5 free virtual getaways to help you cure cabin fever during the coronavirus outbreak

Nearly two-fifths of employers in the U.S. are expecting to furlough workers in the next three months, according to a poll by Challenger, Gray & Christmas.
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The coronavirus pandemic has led to widespread quarantines and left many people isolated. Many employees are being ordered to work from home, many schools are closed, and public gathering spaces like restaurants and movie theaters are shuttered. Many travelers have been forced to cancel upcoming trips

If you're feeling restless or in need of connecting with the world beyond our borders, consider taking a virtual escape. 

"We're living in a day and age where much of our 'culture' and opportunities for socializing exist online," says Dr. Lisa Marie Bobby, a psychologist and the clinical director of Growing Self Counseling & Coaching. "Now is the time to be using all the technology available to you to maintain your social connections."

Technology allows you to see the world from the comfort of your home, and for free. If you have an internet connection and a device, you can transport yourself to places around the globe. And it can be good for you: Taking mental breaks can make you more productive and less stressed.

Here are five types of virtual escapes, depending on your interests. 

1. History and culture

From virtual walking tours to online galleries, you can appreciate many museum exhibitions and art galleries from your couch.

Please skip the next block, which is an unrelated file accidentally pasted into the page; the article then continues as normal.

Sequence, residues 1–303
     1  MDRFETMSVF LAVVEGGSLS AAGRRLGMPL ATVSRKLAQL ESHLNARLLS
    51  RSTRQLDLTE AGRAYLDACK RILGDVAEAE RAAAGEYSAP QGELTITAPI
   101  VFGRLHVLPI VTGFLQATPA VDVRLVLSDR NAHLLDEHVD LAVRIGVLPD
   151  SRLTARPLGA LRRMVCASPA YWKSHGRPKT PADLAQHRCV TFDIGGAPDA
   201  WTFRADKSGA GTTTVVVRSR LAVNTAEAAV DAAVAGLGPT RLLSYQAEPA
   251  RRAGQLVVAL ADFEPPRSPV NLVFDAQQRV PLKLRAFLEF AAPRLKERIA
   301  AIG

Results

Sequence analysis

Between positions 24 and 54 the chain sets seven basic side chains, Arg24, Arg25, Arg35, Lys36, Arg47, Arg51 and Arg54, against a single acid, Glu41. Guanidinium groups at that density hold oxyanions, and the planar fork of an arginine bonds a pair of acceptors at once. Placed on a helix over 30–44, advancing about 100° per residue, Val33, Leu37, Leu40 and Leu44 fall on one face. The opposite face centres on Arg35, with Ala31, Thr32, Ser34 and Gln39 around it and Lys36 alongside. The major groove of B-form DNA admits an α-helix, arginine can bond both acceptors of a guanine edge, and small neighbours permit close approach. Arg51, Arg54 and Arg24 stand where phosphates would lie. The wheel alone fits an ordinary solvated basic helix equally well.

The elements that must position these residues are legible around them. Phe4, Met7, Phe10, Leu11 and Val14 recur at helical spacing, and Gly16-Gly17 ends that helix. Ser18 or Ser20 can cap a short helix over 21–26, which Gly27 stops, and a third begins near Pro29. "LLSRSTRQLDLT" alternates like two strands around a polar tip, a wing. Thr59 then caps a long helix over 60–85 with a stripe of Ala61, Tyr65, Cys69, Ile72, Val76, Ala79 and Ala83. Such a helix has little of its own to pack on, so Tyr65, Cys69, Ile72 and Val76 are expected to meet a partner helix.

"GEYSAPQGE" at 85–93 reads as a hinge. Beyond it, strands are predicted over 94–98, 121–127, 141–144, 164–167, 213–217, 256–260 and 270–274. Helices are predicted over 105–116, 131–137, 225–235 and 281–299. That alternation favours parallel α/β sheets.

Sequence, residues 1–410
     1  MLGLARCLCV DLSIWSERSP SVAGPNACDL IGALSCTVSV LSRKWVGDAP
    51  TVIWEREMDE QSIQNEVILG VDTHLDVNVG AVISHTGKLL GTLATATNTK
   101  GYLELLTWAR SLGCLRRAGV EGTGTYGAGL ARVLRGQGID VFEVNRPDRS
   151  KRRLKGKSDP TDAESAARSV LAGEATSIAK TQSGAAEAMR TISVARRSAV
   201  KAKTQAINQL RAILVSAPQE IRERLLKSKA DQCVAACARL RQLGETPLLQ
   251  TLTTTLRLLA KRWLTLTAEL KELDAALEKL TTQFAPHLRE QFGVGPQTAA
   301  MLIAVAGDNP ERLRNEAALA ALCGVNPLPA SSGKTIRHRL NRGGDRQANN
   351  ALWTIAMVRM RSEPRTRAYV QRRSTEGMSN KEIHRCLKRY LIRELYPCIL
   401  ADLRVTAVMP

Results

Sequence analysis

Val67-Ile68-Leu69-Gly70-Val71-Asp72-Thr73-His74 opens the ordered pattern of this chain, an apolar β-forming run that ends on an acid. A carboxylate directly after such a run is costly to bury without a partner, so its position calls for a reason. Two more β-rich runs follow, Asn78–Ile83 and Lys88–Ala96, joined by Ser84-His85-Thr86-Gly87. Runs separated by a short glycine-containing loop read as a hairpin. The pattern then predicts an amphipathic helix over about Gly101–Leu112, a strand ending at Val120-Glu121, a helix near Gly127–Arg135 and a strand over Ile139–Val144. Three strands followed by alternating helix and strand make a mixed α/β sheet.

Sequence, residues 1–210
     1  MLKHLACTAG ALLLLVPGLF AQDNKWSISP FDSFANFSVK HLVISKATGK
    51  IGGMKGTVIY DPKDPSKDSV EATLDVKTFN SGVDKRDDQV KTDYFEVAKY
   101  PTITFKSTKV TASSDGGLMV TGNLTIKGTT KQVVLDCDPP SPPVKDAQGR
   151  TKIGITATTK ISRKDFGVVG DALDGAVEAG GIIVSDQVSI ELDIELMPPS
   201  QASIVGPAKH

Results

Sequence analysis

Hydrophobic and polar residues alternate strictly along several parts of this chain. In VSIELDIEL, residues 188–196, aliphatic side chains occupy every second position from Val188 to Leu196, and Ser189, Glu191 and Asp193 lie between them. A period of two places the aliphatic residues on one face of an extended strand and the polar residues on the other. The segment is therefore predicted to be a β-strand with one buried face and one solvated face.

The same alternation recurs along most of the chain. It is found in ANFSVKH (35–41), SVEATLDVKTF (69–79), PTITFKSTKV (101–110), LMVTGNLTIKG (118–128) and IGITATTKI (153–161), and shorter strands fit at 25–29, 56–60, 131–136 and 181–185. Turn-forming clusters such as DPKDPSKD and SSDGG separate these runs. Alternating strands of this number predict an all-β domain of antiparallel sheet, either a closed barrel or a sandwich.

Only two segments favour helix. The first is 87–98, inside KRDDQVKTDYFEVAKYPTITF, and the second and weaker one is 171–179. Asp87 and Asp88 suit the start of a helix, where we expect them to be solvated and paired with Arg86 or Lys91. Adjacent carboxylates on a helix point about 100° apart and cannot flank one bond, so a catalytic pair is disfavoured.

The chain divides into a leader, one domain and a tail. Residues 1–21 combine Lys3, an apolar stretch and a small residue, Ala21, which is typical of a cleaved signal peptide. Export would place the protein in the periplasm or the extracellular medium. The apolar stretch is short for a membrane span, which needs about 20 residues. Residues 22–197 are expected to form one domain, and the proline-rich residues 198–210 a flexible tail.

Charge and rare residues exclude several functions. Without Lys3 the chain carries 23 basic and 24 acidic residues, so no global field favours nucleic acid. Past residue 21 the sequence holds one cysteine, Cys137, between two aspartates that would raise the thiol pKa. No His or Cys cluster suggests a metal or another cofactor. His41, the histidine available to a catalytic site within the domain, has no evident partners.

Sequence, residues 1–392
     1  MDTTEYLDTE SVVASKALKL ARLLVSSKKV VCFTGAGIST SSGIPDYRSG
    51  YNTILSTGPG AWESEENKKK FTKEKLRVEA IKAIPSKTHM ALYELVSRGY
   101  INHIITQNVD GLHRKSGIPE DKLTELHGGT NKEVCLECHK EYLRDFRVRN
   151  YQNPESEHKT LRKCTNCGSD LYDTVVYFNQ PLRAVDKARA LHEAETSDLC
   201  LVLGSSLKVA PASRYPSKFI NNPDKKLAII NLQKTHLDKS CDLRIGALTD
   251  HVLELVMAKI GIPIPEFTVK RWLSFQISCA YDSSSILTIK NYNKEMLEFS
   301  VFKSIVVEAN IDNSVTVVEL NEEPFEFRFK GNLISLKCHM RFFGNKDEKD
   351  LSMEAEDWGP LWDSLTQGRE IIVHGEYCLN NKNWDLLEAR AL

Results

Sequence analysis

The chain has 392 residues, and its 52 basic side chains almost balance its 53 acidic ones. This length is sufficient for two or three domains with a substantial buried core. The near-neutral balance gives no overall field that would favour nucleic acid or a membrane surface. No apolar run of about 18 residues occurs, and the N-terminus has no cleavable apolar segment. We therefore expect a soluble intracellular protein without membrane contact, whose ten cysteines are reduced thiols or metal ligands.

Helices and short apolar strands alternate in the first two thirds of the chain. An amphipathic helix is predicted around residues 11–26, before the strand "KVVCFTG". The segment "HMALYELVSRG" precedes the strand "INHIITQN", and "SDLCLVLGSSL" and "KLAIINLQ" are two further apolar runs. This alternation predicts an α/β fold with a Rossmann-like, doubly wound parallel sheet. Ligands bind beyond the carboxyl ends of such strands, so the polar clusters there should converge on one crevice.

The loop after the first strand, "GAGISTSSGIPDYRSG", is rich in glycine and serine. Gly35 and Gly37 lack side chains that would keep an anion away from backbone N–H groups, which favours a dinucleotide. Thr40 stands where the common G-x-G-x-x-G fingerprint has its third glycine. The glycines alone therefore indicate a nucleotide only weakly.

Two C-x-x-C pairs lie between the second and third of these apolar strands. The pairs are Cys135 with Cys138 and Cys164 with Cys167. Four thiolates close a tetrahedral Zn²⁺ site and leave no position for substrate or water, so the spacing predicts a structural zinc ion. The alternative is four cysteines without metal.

Immerse yourself in a different culture or time period with no-cost tours. View masterpieces like Vincent Van Gogh's self-portrait in the online galleries from the Musée d' Orsay in Paris. The National Portrait Gallery in Washington, D.C., features historic portraits of presidents and first ladies online. 

For history buffs, the Smithsonian National Museum of Natural History features 3D walking tours of the hall of fossils and an Egyptian mummy exhibit. Or use Google Street View to hit the sidewalks of Paris and view the iconic architecture of the Gare de Lyon and experience views from the Eiffel Tower.

2. Animals

Many zoos offer free live feeds that allow the public to view animal habitats online. 

The Houston Zoo lets you peek in on their elephant yard from 7 a.m. to 7 p.m. CST. At the Smithsonian's National Zoo in Washington, D.C., the giant panda and lion cams are live 24 hours a day. 

If you're into aquatic animals, you can view the African penguins and polar bears via the San Diego Zoo's live feeds. 

Giant panda Bei Bei eats bamboo at the Smithsonian's National Zoo in Washington, D.C., on November 14, 2019.
Jim Watson/AFP | Getty Images

3. Outdoor adventure

International travel might be off the table right now, but Google maps, virtual realty, and YouTube videos can transport you to awe-inspiring places around the world. Thrill-seekers can take a bird's eye view of a South African safari with a tour of Kruger National Park, for example.

It's free to use Google maps, but some locations are better viewed with a virtual reality (VR) headset, which can run you anywhere from $8 to $200.

4. Theme parks and attractions

You can visit major theme parks using 360-degree imaging and YouTube videos. Thanks to video recordings uploaded to YouTube by theme park superfans, for example, you can sit in on rides like Jurassic World at Universal Studios Hollywood.

If you're looking for a family-friendly experience, use Google's free Street View to take a stroll through famous Disney attractions like the Magic Kingdom, Epcot, and the Animal Kingdom in Orlando, Florida. 

5. The natural world

If you're yearning to connect with nature, consider taking a virtual tour of a national park. Yellowstone offers virtual tours of some of their mud baths, geysers, and hot springs. Some are even in 3D. 

Or, if you want to create an outdoorsy feel while, say, roasting marshmallows over your stove top, ambient soundscapes can transport you to another location and help you relax. You can meditate with a six-hour campfire recording from Norway. Or escape to a tropical beach with an eight-hour-long recording from Sunrise Beach in Koh Lipe, Thailand.

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